Max values for each uint in Solidity, from uint8 to uint256

STREAM by Darren Almond

If you often struggle to remember which uint has what max value in Solidity, as I do, this is a cheatsheet for you (and for me, I'll probably use it all the time).

Gas is expensive on Ethereum so it's best to optimize for it and not to use variables that are larger than what we need. If all we are going to store in a variable are numbers from 1 to max 100, it doesn't make sense to use uint256. It's a waste of gas and money.

I always struggle to remember what's the maximum value for each uint, so I've created a cheatsheet. Now I won't have to worry if my chosen uint is going to be enough or too small.

Below, (almost) all the max values for each uint. I've added the number of digits for each value, so for example, if you know that your max value will have no more than 12 digits, you can safely choose uint40, which has 13 digits.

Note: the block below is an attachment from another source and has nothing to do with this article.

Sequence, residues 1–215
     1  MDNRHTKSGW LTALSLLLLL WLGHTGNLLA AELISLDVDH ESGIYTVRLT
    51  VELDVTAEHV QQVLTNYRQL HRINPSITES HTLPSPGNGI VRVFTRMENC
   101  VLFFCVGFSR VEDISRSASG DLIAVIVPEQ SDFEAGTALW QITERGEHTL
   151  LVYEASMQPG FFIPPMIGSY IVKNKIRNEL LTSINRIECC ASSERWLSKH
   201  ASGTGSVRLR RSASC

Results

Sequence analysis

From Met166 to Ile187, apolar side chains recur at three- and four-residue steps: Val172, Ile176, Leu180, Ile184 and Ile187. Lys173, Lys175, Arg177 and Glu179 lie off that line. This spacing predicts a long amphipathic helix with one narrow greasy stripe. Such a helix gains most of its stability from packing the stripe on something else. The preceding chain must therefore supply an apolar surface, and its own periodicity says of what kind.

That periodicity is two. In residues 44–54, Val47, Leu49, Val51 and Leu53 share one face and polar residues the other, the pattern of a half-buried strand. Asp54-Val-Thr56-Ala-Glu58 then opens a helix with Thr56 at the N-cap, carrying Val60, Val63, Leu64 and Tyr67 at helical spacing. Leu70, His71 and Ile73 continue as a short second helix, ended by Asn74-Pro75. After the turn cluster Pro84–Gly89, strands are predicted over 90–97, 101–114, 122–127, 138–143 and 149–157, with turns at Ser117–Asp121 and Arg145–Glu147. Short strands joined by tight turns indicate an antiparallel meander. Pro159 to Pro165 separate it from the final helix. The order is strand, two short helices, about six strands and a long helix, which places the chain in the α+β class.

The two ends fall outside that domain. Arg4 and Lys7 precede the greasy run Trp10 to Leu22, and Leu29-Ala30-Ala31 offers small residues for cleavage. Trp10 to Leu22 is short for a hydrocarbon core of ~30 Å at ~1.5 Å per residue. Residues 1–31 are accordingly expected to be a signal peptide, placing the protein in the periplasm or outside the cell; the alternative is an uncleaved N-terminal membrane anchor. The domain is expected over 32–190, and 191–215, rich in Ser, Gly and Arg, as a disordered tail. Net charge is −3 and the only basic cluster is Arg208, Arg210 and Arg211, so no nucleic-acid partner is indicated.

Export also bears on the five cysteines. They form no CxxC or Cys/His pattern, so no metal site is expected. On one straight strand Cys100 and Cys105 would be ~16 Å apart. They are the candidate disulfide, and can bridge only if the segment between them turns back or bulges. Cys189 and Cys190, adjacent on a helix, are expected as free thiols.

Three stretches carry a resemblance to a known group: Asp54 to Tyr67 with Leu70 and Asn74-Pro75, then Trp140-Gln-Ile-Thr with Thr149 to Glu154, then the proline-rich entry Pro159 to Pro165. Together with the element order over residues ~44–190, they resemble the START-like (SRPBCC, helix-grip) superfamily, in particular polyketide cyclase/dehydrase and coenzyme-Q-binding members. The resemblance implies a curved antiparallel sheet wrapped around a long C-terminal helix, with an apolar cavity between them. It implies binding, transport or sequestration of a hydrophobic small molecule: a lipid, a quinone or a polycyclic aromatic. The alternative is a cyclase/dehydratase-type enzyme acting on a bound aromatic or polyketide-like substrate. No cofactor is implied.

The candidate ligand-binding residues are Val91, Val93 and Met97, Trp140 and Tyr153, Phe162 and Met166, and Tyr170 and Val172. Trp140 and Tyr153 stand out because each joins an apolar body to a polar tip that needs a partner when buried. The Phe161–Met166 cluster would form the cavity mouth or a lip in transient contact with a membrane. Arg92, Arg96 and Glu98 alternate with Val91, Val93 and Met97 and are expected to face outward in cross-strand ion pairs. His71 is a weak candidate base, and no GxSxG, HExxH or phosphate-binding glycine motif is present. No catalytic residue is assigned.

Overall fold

I didn't include anything between uint128 and uint256. If you're going to use such large numbers, you'll probably use uint256 by default.

A few things to know/remember:

- uint increases in steps of 8, from uint8 to uint256
- For an integer type X, you can use type(X).min and type(X).max to access the minimum and maximum value representable by the type
- uint is an alias for uint256

Now your uints will always be within range and will never take up more space than needed. Happy savings!

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